A CAPA implemented regarding a cleaning revalidation failure was found to be incomplete, as well. The FDAers reported that "information contained in the BPDR that was sent to CBER did not include" a previous related event concerning an investigation begun after black particles and oily residue were found in drums of material received from a vendor.
FDA added: "There were no assurances that one cleaning verification/revalidation run" as a result of this finding, and three other revalidation runs, were conducted as they should have been. The cleaning verification study conducted after the CAPA related to black particles "failed acceptance criteria for conductivity for the final rinse," the team wrote. This cleaning verification also failed to include bioburden and/or endotoxin rinse water samples.
The root cause of the failure of this verification study "was attributed to residue from the rinse water retained inside a tilted 'T' connecting the recirculation loop to the transfer line-tank." The reexecution of the cleaning validation study, which was said to meet conductivity specifications, "has the notation of 'NA' for specification in the documentation of cleaning validation results for conductivity." In addition, no deviation was documented and no investigation was conducted into liquid found during the cleaning validation and swabbing sampling of the port.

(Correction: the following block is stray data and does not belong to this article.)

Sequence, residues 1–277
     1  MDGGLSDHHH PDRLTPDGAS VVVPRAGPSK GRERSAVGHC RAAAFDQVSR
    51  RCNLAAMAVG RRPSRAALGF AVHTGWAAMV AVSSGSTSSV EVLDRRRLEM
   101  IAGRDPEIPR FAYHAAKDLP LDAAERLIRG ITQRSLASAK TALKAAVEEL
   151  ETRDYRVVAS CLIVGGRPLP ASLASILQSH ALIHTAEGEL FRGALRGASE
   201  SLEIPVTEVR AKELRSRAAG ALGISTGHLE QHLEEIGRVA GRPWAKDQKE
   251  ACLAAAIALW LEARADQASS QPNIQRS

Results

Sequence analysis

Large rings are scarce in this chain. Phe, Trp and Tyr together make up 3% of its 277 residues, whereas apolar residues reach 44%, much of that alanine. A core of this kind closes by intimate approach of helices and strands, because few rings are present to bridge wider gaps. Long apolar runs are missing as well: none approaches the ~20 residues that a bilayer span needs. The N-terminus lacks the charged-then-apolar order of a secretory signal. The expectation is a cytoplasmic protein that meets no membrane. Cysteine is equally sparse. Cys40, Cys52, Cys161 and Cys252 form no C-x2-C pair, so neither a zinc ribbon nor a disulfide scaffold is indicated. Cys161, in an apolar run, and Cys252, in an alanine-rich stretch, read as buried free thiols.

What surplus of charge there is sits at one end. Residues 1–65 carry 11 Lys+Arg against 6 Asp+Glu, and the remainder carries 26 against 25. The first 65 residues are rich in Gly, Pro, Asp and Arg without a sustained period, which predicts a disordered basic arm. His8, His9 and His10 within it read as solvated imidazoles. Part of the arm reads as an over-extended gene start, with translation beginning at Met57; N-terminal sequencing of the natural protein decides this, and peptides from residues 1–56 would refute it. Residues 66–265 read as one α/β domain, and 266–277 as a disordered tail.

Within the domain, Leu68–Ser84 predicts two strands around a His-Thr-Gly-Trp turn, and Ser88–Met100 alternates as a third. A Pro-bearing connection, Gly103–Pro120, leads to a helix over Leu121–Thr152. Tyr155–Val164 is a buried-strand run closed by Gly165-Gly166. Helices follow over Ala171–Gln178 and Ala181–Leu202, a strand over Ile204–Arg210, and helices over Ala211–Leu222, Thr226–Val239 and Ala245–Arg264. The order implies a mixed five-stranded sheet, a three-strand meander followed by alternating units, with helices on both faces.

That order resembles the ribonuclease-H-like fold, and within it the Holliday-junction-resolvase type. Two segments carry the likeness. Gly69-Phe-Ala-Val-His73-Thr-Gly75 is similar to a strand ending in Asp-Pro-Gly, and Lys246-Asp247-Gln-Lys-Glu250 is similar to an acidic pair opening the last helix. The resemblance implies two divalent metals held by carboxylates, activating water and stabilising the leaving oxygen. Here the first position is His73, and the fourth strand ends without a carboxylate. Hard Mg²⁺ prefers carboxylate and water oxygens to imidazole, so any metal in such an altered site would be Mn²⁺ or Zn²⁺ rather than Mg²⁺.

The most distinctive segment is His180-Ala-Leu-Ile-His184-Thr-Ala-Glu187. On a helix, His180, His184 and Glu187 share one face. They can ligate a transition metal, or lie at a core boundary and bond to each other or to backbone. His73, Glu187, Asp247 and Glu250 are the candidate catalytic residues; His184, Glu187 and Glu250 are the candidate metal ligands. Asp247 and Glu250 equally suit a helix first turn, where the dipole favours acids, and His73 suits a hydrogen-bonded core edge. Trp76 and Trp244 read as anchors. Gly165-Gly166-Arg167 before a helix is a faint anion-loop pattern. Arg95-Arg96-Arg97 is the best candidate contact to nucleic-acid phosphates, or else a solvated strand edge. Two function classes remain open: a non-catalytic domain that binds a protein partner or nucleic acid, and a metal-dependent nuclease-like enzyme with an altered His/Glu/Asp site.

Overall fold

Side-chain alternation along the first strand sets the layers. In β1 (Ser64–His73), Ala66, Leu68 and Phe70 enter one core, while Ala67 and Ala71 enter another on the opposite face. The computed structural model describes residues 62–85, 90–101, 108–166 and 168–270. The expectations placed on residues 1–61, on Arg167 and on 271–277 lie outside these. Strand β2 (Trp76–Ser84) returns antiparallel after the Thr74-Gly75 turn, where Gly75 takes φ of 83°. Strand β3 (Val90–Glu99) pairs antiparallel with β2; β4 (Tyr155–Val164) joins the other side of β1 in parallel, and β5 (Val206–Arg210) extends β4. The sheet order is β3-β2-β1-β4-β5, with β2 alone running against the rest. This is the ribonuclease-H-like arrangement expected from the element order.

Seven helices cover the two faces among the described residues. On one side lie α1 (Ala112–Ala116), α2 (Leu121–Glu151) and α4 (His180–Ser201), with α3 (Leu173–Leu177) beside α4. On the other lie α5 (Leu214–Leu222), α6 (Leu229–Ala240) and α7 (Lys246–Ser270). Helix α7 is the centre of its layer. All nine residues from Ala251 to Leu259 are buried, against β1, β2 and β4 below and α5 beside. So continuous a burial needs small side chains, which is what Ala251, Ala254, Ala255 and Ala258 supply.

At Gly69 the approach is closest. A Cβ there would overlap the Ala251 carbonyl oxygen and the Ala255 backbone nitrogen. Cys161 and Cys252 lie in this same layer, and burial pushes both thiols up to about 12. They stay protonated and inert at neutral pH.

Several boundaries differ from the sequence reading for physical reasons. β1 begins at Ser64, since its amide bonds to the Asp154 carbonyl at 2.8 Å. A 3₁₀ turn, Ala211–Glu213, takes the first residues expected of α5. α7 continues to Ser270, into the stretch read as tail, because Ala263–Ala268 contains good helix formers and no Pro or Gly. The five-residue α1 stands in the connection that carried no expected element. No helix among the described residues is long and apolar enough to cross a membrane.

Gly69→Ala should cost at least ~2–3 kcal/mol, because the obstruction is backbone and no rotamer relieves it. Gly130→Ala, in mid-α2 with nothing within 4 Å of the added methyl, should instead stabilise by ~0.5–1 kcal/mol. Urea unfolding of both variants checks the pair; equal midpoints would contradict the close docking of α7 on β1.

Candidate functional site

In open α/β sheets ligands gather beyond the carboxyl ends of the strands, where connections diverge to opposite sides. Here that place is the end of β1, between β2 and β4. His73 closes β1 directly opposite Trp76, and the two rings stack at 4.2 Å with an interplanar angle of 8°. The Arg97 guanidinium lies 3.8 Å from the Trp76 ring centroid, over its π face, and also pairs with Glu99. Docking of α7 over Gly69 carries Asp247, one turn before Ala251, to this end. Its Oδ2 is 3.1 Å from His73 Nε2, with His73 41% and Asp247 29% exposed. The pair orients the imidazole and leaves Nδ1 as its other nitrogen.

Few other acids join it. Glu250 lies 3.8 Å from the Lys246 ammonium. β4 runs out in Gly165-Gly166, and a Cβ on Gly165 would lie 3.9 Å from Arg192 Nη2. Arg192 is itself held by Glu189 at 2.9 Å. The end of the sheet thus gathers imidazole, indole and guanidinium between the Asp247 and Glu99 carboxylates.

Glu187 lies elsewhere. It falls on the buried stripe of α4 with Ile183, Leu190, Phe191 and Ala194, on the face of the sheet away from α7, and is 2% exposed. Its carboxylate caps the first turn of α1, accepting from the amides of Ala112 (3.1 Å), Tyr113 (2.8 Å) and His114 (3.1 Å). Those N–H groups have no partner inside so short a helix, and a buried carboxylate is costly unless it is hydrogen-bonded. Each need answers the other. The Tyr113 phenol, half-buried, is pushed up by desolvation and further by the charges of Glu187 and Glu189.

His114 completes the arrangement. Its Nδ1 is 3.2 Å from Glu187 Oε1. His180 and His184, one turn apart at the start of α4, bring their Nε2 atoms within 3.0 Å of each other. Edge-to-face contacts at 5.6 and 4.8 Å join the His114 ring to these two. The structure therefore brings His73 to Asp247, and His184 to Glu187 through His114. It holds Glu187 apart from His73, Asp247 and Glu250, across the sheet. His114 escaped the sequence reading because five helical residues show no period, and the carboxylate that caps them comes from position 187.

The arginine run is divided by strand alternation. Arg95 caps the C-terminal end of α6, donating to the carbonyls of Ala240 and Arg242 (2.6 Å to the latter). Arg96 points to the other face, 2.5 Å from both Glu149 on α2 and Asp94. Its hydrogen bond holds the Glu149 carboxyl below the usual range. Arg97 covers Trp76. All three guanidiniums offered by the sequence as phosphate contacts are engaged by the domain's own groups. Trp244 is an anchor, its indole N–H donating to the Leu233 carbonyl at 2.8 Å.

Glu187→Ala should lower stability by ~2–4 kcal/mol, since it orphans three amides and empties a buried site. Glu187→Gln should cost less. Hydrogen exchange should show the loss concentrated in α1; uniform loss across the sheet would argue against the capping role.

The 483 further reported that the inline conductivity probe had malfunctioned and in at least once instance showed an incorrect reading of zero for conductivity. "No comparability study was conducted for the inline conductivity probe used during normal cleaning and laboratory conductivity testing performed during the tank's cleaning validation," the inspectors wrote.
Sampling of water for injection (WFI) was "not representative of production/manufacturing operations use conditions and the sampling of WFI use points is not consistently applied throughout the production areas," the investigation found. Investigations and controls over pre-treatment water for still water production were inadequate to assure the quality of the still water, the team also reported, noting that various microorganisms were noted in pretreatment water during the period February 2008 February 2009.
In addition, a CAPA instituted as a result of WFI endotoxin levels was inadequate. According to the internal investigation, the root causes for these endotoxin excursions were contamination caused by trapped water in the piping panel and excessive feed water into the still. However, Merck failed to include in the CAPA the examination of all WFI pipes.